The Future of eCommerce and Social Media

eCommerce and Social Media

Dane O’Leary

Like a digital Big Bang, the Internet exploded in the 1990s, becoming a mainstream commodity that connected us with people, services, products, and companies we might never have known about otherwise. With the subsequent advent of eCommerce and social media, there have been countless purchases made and cyber-friendships to have blossomed, made possible by the digital landscape of the World Wide Web.

There’s no denying that online shopping and social networks are poised to usurp the brick-and-mortar retail and face-to-face social interactions that were mainstays of yesteryear. In fact, eCommerce mega-giant Amazon and social maven Facebook will turn 25 and 15 years old, respectively, at some point in the next year. Will we be seeing such iconic brands maintaining the ubiquity cultivated over two decades, or will there be significant evolution in the worlds of eCommerce and social media between now and the not-too-distant future?

Where is eCommerce headed?

It used to be that we made our purchases at brick-and-mortar stores. When we needed to buy something — whether groceries, clothes, or a birthday gift — we had to get in the car, drive to a retail store, shop for whatever item we needed, buy the item, and return home. Remember that?

If your answer is “No,” you’re not alone. There’s a growing population of individuals who came of age after the digital Big Bang, meaning that eCommerce (i.e., shopping online) was already well-established by the time they were old enough to make their own purchases. So rather than transitioning from brick-and-mortar to eCommerce retail, these younger generations have always been able to buy things from the comfort of their own homes, or even when they’re on-the-go by using their smartphones.

There’s no discussing the world of eCommerce without mentioning Amazon, which dominates with an estimated 41 percent of the eCommerce marketing. In just the next few years, Amazon is poised to account for over half of all web-based retail.

But there’s another reason why Amazon is significant.

Having started in 1994 as an online book retailer, Amazon evolved. Over its 25-year tenure, the retail has grown to become the biggest online general retailer, offering a diverse array of products and brands. So a large part of Amazon’s success has been due to the fact that the retail offers virtually every type of product and even a diverse selection of services, including cloud storage, eBook publishing, streaming media, and the list goes on and on.

So as we attempt to gaze into our crystal ball to see what lies ahead for the world of eCommerce, perhaps Amazon’s evolution and growth can serve as a guide.

As mentioned above, Amazon was able to dominate the market by diversifying its catalog of products and services, so we could start seeing similar diversification among other players in the eCommerce space. Or from the perspective of a consumer, we could see consolidation as products, services, and even other established brands are folded into other companies. Ultimately, this would turn numerous transactions into one larger, more convenient transaction.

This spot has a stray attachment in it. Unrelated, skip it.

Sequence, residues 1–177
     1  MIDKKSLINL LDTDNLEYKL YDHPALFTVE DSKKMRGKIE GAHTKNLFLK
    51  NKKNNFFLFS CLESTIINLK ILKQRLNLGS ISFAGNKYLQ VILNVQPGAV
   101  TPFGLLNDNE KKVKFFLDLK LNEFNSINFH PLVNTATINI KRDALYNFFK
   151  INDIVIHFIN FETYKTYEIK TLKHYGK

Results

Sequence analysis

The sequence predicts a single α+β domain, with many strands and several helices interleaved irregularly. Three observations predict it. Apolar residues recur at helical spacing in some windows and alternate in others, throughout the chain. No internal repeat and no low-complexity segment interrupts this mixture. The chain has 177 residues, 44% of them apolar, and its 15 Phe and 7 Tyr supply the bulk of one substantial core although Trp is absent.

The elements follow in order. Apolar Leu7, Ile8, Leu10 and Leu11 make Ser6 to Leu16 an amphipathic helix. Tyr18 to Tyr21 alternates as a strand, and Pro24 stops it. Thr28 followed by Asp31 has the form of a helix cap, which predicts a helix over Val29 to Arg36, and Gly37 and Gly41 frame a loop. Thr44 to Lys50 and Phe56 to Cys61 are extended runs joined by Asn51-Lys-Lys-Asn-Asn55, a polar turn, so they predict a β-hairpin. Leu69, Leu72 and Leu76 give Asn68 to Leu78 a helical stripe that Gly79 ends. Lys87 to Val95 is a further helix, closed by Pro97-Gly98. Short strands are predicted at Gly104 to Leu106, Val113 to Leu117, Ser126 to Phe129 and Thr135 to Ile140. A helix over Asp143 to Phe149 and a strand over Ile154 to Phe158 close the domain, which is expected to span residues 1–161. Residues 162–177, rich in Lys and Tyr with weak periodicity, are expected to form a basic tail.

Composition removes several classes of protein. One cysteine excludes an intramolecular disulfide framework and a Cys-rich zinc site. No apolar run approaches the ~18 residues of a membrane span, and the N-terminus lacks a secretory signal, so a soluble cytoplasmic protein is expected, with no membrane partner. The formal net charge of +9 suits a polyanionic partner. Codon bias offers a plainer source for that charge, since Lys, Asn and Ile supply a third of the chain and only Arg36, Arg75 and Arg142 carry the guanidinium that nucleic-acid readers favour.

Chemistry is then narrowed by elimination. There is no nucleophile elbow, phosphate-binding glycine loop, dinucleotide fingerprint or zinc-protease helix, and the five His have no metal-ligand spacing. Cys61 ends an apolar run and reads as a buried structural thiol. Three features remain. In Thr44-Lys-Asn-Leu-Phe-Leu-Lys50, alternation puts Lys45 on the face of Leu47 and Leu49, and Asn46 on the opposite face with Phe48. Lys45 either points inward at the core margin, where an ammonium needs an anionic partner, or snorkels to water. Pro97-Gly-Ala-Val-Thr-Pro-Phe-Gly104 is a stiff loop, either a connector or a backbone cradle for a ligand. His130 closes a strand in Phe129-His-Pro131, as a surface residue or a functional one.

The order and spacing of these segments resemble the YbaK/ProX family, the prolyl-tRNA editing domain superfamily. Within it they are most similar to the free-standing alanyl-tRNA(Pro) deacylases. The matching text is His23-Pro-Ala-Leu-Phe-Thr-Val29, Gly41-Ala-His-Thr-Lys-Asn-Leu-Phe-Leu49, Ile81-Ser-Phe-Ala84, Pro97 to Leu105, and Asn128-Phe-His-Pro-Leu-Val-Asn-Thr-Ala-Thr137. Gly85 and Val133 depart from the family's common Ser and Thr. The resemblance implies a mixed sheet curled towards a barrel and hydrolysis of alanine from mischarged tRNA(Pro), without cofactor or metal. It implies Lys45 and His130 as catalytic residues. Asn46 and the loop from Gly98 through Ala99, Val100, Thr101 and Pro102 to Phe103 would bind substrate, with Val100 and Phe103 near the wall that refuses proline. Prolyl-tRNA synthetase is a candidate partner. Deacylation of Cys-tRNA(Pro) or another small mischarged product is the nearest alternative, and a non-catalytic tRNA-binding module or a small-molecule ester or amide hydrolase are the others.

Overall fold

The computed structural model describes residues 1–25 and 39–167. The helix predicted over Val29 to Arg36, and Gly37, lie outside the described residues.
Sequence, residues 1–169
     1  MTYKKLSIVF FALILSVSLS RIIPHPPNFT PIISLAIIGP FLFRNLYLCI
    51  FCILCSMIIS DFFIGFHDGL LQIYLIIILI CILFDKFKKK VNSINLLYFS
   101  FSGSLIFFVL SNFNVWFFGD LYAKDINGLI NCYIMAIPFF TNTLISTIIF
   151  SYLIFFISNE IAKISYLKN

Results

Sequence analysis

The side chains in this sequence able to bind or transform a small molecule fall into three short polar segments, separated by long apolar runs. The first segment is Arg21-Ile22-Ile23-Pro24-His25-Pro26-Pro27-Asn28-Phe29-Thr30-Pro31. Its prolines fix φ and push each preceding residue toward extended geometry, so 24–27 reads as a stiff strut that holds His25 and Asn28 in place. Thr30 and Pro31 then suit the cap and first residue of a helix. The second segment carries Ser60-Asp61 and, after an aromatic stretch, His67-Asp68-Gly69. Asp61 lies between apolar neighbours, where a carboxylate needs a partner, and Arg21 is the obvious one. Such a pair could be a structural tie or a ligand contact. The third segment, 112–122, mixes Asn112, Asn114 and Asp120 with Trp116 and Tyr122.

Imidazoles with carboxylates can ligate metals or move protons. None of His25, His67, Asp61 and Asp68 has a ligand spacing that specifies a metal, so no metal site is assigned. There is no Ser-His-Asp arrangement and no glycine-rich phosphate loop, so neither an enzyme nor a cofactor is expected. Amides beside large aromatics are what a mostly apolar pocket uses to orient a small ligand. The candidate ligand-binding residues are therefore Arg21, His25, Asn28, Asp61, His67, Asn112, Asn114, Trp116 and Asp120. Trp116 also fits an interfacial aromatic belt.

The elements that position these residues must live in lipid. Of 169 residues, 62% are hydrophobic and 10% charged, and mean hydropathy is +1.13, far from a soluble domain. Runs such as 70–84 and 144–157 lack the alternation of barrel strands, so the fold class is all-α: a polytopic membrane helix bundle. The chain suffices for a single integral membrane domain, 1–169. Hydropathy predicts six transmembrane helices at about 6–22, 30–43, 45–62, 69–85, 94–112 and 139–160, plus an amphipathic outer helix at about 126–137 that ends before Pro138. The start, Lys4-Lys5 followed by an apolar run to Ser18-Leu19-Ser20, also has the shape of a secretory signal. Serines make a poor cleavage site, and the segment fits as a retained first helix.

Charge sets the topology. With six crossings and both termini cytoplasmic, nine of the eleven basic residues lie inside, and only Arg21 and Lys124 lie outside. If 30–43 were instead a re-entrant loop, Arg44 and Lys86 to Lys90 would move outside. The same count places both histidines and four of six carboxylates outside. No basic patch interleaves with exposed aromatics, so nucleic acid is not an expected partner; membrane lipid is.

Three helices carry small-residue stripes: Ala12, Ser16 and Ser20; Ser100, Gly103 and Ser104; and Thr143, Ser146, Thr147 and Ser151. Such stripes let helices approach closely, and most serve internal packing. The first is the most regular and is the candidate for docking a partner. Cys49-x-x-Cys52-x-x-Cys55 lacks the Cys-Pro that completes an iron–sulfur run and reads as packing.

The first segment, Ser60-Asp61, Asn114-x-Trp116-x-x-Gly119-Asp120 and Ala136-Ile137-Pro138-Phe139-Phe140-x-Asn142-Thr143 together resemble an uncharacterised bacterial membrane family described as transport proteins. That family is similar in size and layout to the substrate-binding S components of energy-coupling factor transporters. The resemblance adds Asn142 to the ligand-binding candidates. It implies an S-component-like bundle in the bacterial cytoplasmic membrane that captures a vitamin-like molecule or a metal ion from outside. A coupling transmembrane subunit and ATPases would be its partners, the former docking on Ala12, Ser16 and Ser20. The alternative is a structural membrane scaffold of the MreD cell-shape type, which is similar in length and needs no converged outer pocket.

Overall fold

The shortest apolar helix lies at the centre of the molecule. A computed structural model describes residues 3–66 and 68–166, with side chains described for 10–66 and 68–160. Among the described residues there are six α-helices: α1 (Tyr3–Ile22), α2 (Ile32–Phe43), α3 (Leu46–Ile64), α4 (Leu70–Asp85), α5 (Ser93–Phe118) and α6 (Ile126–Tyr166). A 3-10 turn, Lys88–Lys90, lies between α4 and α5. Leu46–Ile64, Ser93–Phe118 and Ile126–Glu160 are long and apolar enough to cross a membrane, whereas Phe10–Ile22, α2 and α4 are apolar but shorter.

Of course, even with eCommerce being a driving force for retail at large, there’s are still some hurdles to jump, and one hurdle is particularly important: customer experience.

Sure, online shopping is more convenient, but you don’t get the kind of personalized experience that you might get when shopping in an actual, physical retail store. In many ways, the convenience of online shopping comes at a significant reduction in overall experience. But it seems like some there might already be a solution to this problem.

Social media: The “secret sauce” of eCommerce?

We’re already seeing countless industries — particularly those that are centered around digital products and services — turning to social media for things like marketing and building brand awareness. But as we move into the future, social media could have an increasingly prominent role in eCommerce, too.

When someone buys a product online, receives the product, and is extremely happy with that product, what is he or she likely to do next? If you said “Review the product,” you’d be correct.

Peer reviews have become a major driver of consumer interest and sales. We’ve all done it: Before making a purchase, you do a web search for reviews of that product to see what people are saying about it and to make sure past buyers haven’t had bad experiences before investing your own cash.

Social media is more and more a forum for sharing thoughts, experiences, and overall impressions of products and services. In fact, many retail leaders have already recognized how social media can drive sales and use the analytics from social media when crafting their marketing campaigns.

So in the future, we’re likely to continue to see social media playing a pivotal role in eCommerce. We might even reach the point of being able to make our online purchases right from the social posts that feature the desired products and services. This is something that might be coming down the pipeline sooner rather than later, especially as the eCommerce giants aim to make it easier for people to quickly buy the products and services they’re seeing on social media.


Dane O’Leary is a writer, tech journalist and regular contributor to TrustRadius where he shares his knowledge on the latest trends in B2B news and technologies. He has written editorials, articles, and blog posts for some of the most popular publications on the web, including Android Authority, Phone Arena,, and Millennial Magazine while also publishing regularly on his own website.



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Sweden and the UK: Business as Usual

Business as Usual

Last week I had the opportunity to attend an event hosted by the Swedish Chamber of Commerce for the United Kingdom: Welcome to the UK.

Business as Usual
Photos courtesy of SCC to the UK

Participants heard from the British Ambassador to Sweden. His main message was that between Sweden and Britain, it is business as usual. The uncertainty inherent in Brexit has not put a damper on business in this regard.

Business as Usual
Photos courtesy of SCC to the UK

SEB presented a summary of a survey jointly conducted with Deloitte titled What is in the minds of Swedish and British CFOs?  My main take away is there is confidence on both sides – much much more than when Brexit was first decided.

Visit Sweden and VisitBritain talked about how Brexit might affect future trends in tourism. Swedes spend TONS of money in the UK and visits to London top the list. It seems the Brits need a bit more convincing that Sweden is a lot more than cold and dark.

Vistra, presented a brief guide to the Formation and Evolution of a Business in the UK, and two lawyers from  J A Kemp tried to answer the question What is IP and why should a start-up care?. Somethings seem straightforward while others don’t. Don’t do it alone, get expert advice.